The A-Z of Israel
On 22 January, Israelis will go to the polls. The world watches – but how much do we really know about the country that calls itself “the sole bastion of democracy” in the Middle East?
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M is for Mizrahim
Yemeni Jewish sisters Aden and Jamila as they sit in an apartment in Sanaa. Photograph: Getty Images
Rachel Shabi writes: First-time visitors notice it, but they don’t always know how to put it. They might say that the country is not as “European” as they’d imagined; or perhaps less developed-looking – or, more bluntly, “backward”. One foreign correspondent, on arriving in Tel Aviv and seeing its Mizrahidense, open-air food market, told me: “It’s not exactly Tel Aviv University, is it?”
Global Jewry is predominantly Ashkenazi, or European, in origin but Israel isn’t. Almost 800,000 Jews came to the nascent Israel from all over the Arab and Muslim world: Iraq, Morocco, Algeria, Tunisia, Iran, Syria, Egypt, Turkey, Yemen, Libya and a few from Leba - non. By the 1980s these oriental or “Mizrahi” Jews (the word means “easterner”) – “black”, as their European co-nationalists sometimes called them – were the majority in Israel. The mass arrival of Jews from the collapsed Soviet Union a decade later reshuffled the pack, so that Mizrahim (the Hebrew plural) now comprise about 40 per cent of the population.
That shows up on the streets – in the food, pop music and dancing, mostly: the harmless stuff. But the reason why Mizrahim are more visibly working the food markets is that they faced persistent discrimination in Israel, whose pioneers (see G for Golda) intended it to be a European construct. Disproportionately sent to Israel’s initial “transit camps” and stuck there longer than others, disproportionately sent to the country’s remote periphery – often at night, told that it was close to main cities – the Mizrahi population grew disadvantaged. They were denied equal access to land and resources, sent to factories and vocational schools and told that their home culture was backward and had to be discarded.
Israel was supposed to be a melting pot, into which everyone’s cultural bounty would be thrown to produce a new, national amalgam – but in reality the country’s culture was set to the tastes of the Europeans in power. Scores of children of first-generation Mizrahim told me how they had become embarrassed about their parents’ Arabic language, their oriental-accented Hebrew (see Q for Qoph) and obsession with Middle Eastern music. Leading Israeli sociologists developed theories about social absorption, claiming that Mizrahi Jews needed to come up to European speed or Israel’s foundations might get swept away.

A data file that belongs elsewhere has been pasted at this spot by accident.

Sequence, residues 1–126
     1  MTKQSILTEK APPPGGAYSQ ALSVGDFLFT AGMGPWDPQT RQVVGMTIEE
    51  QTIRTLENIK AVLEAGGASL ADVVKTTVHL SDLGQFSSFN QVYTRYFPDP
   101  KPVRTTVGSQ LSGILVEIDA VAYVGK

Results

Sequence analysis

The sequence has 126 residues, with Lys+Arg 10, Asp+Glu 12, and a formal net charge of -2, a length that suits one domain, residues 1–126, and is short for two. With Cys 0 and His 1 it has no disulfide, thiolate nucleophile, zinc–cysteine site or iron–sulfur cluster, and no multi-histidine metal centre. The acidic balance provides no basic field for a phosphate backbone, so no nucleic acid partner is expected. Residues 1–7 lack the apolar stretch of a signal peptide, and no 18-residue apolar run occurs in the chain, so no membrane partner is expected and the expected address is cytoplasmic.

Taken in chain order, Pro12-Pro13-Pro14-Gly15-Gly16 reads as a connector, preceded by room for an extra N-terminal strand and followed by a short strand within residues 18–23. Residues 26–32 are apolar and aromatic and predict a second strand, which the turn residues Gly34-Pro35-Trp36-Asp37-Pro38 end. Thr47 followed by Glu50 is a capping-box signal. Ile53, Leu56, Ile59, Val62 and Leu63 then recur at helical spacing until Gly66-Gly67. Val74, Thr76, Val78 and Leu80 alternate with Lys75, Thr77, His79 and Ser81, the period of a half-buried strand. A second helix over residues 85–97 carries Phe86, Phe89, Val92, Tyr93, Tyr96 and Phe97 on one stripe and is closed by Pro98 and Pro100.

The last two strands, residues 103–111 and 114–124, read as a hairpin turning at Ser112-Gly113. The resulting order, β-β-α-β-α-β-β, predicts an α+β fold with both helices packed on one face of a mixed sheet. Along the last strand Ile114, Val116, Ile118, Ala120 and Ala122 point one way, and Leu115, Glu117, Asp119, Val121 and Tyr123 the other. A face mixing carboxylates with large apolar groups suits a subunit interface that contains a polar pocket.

By the 1970s, it was obvious that class had an ethnic dimension among Israeli Jews, as the majority of welfare recipients were Mizrahi and the majority of the nation’s better-off citizens had European roots. There were mass demonstrations, rapidly mobilised by the Israeli Black Panthers, consciously binding the plight of African Americans to that of the “blacks” in Israel. The Panthers didn’t just want an equal share of the pie, they wanted Mizrahi involvement in its distribution. But these demonstrations were vilified by the government and media, crushed and semico- opted, while the social causes were dismissed – as they always are.
In the late 1970s the right-wing Likud party clocked that the way to dislodge Labour, the European-dominated party that had been in power since 1948, was to play for the Mizrahi vote. Likud’s then leader, Menachem Begin, visited the country’s Mizrahi-dense slum cities and peripheral towns and addressed people’s sense of alienation and discrimination. So popular was he that, at one point, rumours began circulating among the Mizrahim that the Polish-born Begin was in fact Moroccan. He won by a landslide in 1977. And then in the next election, in 1981, Labour put out leaflets that depicted oriental-looking crowds with the tagline: “This time you must choose between this sort of reality, or an enlightened government.”
Israel is still in denial about its denigration of Mizrahim and, by extension, the disdain for a long, proud Jewish history in the Middle East. Even those who concede that there was historic discrimination say it was not deliberate, and in any case has been redressed. They will talk about intermarriage between Ashkenazi and Mizrahi Jews, as though this is how dominant cultures stop dominating. Yet there remain gaps in education, employment and pay. And there is still an absence of Mizrahi faces in the judiciary and academia, on serious radio and television, or even in serious advertising (Mizrahim get to appear in ads for down-to earth products such as hummus and the lottery; European Jews sell cars, banks and education courses). The ethnic dispute persists, unresolved but unforgotten – weakening Israeli society and disconnecting the country from its own Arab heritage. And, by extension, from the region, too.
Rachel Shabi is the author of “Not the Enemy: Israel’s Jews from Arab Lands” (Yale University Press, £10.99)